The Southern Gospel Christmas Album
December means its time to usher in the Christmas music on WBTX – and for me, that means digging out my collection of Christmas LPs. (Which, might I add, has grown since last December).
So this month I’d like to share a brief history of the southern gospel ‘Christmas’ album. Nowadays, practically every southern gospel artist has one or two under their belt, but years ago, even pre-1990, southern gospel Christmas recordings were few and far between….
The first southern gospel Christmas album, technically, can be credited to the Chuck Wagon Gang. In 1954, they released Joy To The World on Columbia Records. This was a 10-inch LP (played at 33-1/3 rpm like any other) with only eight songs. In 1965, they would add two more songs and release it on standard 12-inch vinyl as Christmas with the Chuck Wagon Gang.
During the 1960s, there were only a handful of gospel groups recording Christmas projects. An interesting collaboration occurred between two of the industry’s premier groups in 1962 with the release of A Musical Merry Christmas – featuring the Blackwood Brothers, and the Statesmen Quartet. This recording, released on RCA Victor, included five songs from each group. An added bonus was two Christmas favorites featuring both the Statesmen and the Blackwoods performing together – “Joy To The World” and “O Come All Ye Faithful”. It’s quite something to hear two legendary bass singers, J.D. Sumner and James “Big Chief” Wetherington together in a single recording.
In 1963, the Couriers would release Joy To The World And Other Christmas Favorites, but beyond that, there are very few – if any – southern gospel Christmas recordings. Some groups, like the Oak Ridge Boys, would include a single Christmas song within a regular recording. For many, the concept did not seem very marketable (i.e. “folks will only want to by Christmas albums one or two months out of the year…”)
Then came the 1970s, and in 1972 the Bill Gaither Trio records Christmas…Back Home In Indiana. Unlike the aforementioned albums (which featured familiar carols), this Gaither project would rely heavily on original material written by Bill and Gloria Gaither. Songs like “The Virgin Mary Had A Baby Boy”, “C-H-R-I-S-T-M-A-S”, and “He’s Still The King of Kings” stem from this recording which, fortunately, has been re-released on CD (unlike another Gaither Trio project we’ll discuss in just a moment).
As the seventies continued, one looked to compilation or ‘comp’ albums from the record labels to find Christmas music. Take, for instance, the Rambos. While they would never record a Christmas project, they did record “O Holy Night”, and that can be found on a comp album from Impact Records called Christmas At Our House (1975). This album featured Christmas selections from artists on the Impact label, including the Imperials, the Speers, Doug Oldham, and the Downings, among others.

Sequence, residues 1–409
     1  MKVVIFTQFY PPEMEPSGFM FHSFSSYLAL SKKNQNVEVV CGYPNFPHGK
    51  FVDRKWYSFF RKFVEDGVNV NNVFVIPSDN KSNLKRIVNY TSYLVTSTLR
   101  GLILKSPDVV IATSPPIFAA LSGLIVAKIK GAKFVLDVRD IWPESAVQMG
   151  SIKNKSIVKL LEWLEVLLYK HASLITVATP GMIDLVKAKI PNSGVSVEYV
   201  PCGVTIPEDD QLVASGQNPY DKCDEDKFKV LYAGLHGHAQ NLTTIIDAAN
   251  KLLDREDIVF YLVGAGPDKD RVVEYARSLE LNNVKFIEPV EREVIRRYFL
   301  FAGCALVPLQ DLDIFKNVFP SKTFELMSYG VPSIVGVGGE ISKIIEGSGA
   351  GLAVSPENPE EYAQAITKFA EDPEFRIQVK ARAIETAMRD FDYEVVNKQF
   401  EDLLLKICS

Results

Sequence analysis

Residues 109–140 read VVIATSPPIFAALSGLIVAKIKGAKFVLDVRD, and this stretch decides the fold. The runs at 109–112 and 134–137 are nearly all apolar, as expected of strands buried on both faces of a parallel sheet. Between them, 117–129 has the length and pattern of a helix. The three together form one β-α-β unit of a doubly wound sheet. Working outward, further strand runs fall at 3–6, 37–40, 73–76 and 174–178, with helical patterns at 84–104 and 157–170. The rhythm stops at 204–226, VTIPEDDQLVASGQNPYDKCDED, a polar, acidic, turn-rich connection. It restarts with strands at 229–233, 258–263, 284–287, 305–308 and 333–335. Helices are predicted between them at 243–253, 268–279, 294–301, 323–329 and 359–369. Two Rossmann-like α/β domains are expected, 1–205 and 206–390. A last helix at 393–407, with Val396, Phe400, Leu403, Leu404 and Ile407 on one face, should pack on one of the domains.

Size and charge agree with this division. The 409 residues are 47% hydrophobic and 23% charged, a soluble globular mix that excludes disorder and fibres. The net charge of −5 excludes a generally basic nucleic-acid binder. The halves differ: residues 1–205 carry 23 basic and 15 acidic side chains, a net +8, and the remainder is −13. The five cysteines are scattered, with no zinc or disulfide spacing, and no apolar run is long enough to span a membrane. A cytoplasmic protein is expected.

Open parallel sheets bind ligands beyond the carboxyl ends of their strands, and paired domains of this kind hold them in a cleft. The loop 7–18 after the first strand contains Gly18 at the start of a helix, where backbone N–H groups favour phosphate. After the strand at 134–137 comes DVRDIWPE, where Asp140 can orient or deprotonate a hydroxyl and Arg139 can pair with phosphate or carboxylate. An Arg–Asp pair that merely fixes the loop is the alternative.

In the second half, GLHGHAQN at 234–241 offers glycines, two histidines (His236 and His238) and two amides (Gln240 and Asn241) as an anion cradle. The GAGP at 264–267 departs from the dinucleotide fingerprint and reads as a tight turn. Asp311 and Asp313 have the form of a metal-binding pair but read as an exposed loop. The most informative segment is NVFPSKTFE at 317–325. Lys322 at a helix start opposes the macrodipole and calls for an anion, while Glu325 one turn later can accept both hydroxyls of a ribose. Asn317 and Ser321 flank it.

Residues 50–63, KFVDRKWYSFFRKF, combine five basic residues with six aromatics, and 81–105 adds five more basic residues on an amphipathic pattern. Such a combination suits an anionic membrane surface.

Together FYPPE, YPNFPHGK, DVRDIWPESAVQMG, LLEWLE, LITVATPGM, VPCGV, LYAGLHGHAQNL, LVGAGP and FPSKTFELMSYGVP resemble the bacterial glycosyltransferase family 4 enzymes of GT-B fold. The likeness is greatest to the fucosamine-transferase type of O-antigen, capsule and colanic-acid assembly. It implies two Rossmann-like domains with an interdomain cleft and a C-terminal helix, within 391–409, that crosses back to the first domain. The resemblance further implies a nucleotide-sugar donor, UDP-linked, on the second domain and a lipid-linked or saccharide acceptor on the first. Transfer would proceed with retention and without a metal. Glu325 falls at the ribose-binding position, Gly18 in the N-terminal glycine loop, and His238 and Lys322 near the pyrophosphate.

More comp albums would be released in the 1980s, including A Canaan Country Christmas (1981) and A HeartWarming Christmas (1984), but now is when we see many groups starting to record their own Christmas projects. Even though they were shifting more onto the Contemporary Christian Music scene, the Imperials released their Christmas with the Imperials in 1980. Distinctively middle-of-the-road in style, this album found a home on both traditional and contemporary gospel stations.
The early eighties would also see two of southern gospel’s leading groups releasing Christmas recordings. 1983 gave us Hinson Christmas from the Hinsons. Personally, I am a fan of albums with original material, and this delivers with songs such as “That’s How Christmas Came To Be” and “Have A Very Scary Christmas”, the latter of which was written by Ronny Hinson of the group. 1985 gave us the Cathedrals first – and only – Christmas recording, A Cathedral Christmas A Cappella. This would later be paired with Gold City’s Voices Of Christmas (1988) and issued on CD.
Perhaps the crowning jewel of southern gospel – or more broadly, gospel – Christmas recordings came about in 1982 from the Bill Gaither Trio: He Started The Whole World Singing. This masterpiece of a recording can be more accurately described as a cantata (in fact, it was modified and expanded upon and re-released as a cantata available to churches). With orchestra led by Ronn Huff and background vocals courtesy of the Sandi Patty singers, this is a beautiful work that, sadly, has all but been forgotten. In the spirit of their 1972 Christmas recording, this album features carols in complex medleys with new Gaither compositions, including “He Started The Whole World Singing” and “Ordinary Baby”. There’s even a very unique interpretation of Lanny Wolfe’s “Exceeding Great Joy”.
As I bring this to a close, I do like to pose a few ‘what ifs’ when it comes to southern gospel Christmas albums: What if the Cathedrals recorded a second Christmas project, perhaps non-acappella, or perhaps in the 1990s with Ernie Haase and Scott Fowler? What if the Nelons recorded a Christmas album in the mid-1980s when the group was shifting more middle-of-the-road? What if we got full-length Christmas recordings from groups like the Hemphills, the Rambos, or even the Speers?
Regardless, as we celebrate the true meaning of the season, I’m thankful for the Christmas recordings that were produced, and look forward to keeping these classic southern gospel sounds alive and well for generations to come.